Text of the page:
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Campaigners win court case


judge, quashed, 2017 Personal Independence Payment (PIP) Regulations,The testing ‘had not looked at whether the basis for treating those with psychological distress differently was sound or not’.

High Court judge Mr Justice Mostyn has allowed the claim in the case of RF v Secretary of State for Work and Pensions.

The High Court found that part of the rules governing Personal Independence Payments (PIP) are unlawfully discriminatory against people with mental health impairments.

So ‘RF’ won on all three grounds of her challenge RF v Secretary of State for Work and Pensions.

The judge quashed the 2017 Personal Independence Payment (PIP) Regulations because they discriminate against those with disabilities in breach of Human Rights Act 1998 obligations.

And because they were discriminatory, the judge also found that the Secretary of State did not have lawful power to make the Regulations (i.e. they were “ultra vires”), and that he should have consulted before making them, because they went against the very purpose of what PIP regime sought to achieve.

The judge heard that the Regulations were laid by negative resolution in February 2017, received relatively little parliamentary attention, and were rushed through the parliamentary process by the Secretary of State without prior reference to checks by relevant committees.

Contrary to the Secretary of State’s defence, the judge found that the decision to introduce the Regulations was ‘manifestly without reasonable foundation’ and commented that the wish to save money could not justify such an unreasonable measure.

And during the course of the trial, the Secretary of State accepted that the testing carried out for PIP had not looked at whether the basis for treating those with psychological distress differently was sound or not, and the testing actually done was limited.

The case was brought by a disabled person with mental health support needs to challenge the changes the government made to Personal Independence Payment Regulations in March 2017.

These changes were urgently introduced to reverse the impact of the Upper Tribunal Judgement in the case of MH v Secretary of State for Work and Pensions (PIP): [2016] UKUT 531.

The changes prevent thousands of people who cannot plan and follow a journey due to psychological distress from qualifying for higher rates of this benefit or qualifying at all.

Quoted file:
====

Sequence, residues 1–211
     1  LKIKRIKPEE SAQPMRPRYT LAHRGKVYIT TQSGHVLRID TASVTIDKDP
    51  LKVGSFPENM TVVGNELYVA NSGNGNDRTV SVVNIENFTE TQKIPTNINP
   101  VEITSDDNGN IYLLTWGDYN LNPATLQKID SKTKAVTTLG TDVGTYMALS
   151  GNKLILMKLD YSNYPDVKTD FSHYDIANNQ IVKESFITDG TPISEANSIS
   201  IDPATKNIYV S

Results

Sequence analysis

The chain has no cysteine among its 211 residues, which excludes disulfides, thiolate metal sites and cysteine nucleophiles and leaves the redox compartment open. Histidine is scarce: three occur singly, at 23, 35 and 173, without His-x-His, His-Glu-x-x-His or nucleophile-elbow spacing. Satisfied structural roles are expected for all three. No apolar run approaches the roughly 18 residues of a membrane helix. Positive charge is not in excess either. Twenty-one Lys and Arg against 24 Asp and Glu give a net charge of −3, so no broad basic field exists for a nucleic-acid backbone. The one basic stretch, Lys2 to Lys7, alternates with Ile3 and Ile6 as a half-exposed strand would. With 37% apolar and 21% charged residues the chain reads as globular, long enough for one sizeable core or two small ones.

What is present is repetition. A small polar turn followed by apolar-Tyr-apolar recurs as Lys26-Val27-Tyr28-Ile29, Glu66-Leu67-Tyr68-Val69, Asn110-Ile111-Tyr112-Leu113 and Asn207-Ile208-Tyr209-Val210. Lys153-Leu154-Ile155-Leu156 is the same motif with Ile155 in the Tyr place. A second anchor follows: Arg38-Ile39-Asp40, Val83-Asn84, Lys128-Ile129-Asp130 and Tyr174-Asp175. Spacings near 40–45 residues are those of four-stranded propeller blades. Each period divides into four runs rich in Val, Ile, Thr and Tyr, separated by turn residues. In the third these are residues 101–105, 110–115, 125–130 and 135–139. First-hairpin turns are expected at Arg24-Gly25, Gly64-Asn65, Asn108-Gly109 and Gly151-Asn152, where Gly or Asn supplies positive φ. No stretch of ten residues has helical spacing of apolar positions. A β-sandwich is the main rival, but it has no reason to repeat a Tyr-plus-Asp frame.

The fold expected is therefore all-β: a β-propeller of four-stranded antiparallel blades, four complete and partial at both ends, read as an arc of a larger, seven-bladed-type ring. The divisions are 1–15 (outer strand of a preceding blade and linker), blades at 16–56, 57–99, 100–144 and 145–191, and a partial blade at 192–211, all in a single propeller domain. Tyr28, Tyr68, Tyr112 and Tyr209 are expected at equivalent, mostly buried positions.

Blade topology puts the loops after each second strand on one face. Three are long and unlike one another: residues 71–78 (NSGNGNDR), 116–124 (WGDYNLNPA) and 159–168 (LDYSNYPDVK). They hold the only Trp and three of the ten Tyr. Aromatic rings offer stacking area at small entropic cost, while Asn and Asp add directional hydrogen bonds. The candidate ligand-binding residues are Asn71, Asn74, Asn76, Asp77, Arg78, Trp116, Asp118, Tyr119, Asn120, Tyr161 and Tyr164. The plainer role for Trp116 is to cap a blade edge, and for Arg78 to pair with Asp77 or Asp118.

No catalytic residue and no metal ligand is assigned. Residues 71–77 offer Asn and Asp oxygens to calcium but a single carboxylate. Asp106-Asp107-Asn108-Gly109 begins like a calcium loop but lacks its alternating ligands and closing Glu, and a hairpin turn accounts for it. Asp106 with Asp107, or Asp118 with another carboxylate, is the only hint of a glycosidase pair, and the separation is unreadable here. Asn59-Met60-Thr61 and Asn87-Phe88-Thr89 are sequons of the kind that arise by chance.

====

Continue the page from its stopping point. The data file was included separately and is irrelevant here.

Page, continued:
The Public Law Project, who represented RF argued in court that the changes are discriminatory and unlawful, because they go against original policy intent of PIP.

And while the court said that the regulations were discriminatory, and they have been quashed, it won’t take effect until the Court of Appeal decides whether the government can appeal this or not.

Tracey Lazard, CEO of Inclusion London, said: “This is a hugely important case.

“It challenges the discriminatory way the government treats disabled people with mental health support needs.

“The outcome can make a difference to thousands upon thousands of disabled people.

“We have always believed that these changes are discriminatory and unfair and should have never been introduced.

“It is incomprehensible that the government pledges more support for people with mental health support needs and at the same time introduces, through the back door, regulation changes that prevent many thousands of disabled people with mental health support needs from qualifying for this essential benefit.

“The government’s actions to change PIP regulations and single out people who cannot travel because of psychological distress are a brutal attack on the rights of disabled people.

This case, she continued, “illustrates the lack of concern for disabled people and the government’s inability to listen to us and engage with us.

“It is extremely worrying that many of us feel the legal action is the only way for us to get heard.”

Linda Burnip, co-founder of Disabled People Against Cuts (DPAC), said the judgement will make a huge difference for thousands of disabled people with mental health support needs.

“We have to remember that this challenge is taken in a context when the UN Committee on the Rights of Persons with Disabilities found systematic and grave violations of Disabled people’s rights a year ago.

“And again in August it called the situation disabled people are in a ‘human catastrophe’.

“The UN specifically called on the government to repeal changes to PIP regulations because they breach our human rights under the Convention.”

That was in December.

And today the Guardian reported that the work and pensions secretary, Esther McVey, said she would not challenge the ruling that found changes to personal independence payments (PIPs) could not be justified.

Campaigners called her announcement a major victory for thousands of disabled people who had faced “crude and unfair distinctions” between those with physical impairments and mental health conditions.

But Labour’s shadow work and pensions secretary, Debbie Abrahams, told the Guardian: “Serious questions remain including: how many people have been adversely affected by the government’s reckless decision to oppose the tribunal’s original judgment?

“How much public money has been spent on lawyers, trying to defend the indefensible?

“And how quickly will people with severe mental health conditions receive the support to which they are rightly entitled?

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